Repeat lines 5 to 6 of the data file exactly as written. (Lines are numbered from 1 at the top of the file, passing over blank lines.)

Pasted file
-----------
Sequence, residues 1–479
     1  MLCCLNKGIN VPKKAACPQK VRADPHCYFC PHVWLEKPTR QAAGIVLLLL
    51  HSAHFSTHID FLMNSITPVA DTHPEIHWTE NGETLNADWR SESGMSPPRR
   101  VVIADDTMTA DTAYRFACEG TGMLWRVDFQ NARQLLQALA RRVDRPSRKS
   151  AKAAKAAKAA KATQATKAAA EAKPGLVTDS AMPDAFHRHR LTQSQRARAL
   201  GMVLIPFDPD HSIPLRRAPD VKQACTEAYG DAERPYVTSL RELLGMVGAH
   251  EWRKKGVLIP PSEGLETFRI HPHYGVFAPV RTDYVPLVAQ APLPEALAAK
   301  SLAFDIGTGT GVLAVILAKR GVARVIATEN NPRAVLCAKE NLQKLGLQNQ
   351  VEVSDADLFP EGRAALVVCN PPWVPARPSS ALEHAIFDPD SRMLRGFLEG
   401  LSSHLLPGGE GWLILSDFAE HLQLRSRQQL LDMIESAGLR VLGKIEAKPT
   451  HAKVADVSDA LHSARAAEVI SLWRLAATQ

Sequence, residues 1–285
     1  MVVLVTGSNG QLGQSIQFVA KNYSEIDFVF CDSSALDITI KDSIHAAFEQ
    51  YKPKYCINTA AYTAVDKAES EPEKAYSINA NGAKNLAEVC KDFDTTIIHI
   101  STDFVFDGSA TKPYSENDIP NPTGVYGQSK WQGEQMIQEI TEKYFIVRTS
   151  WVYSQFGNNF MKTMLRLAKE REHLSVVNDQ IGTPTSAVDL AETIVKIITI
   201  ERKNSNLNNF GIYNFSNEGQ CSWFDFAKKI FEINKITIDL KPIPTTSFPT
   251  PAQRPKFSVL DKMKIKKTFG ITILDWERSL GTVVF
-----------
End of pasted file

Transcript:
   151  AKAAKAAKAA KATQATKAAA EAKPGLVTDS AMPDAFHRHR LTQSQRARAL
   201  GMVLIPFDPD HSIPLRRAPD VKQACTEAYG DAERPYVTSL RELLGMVGAH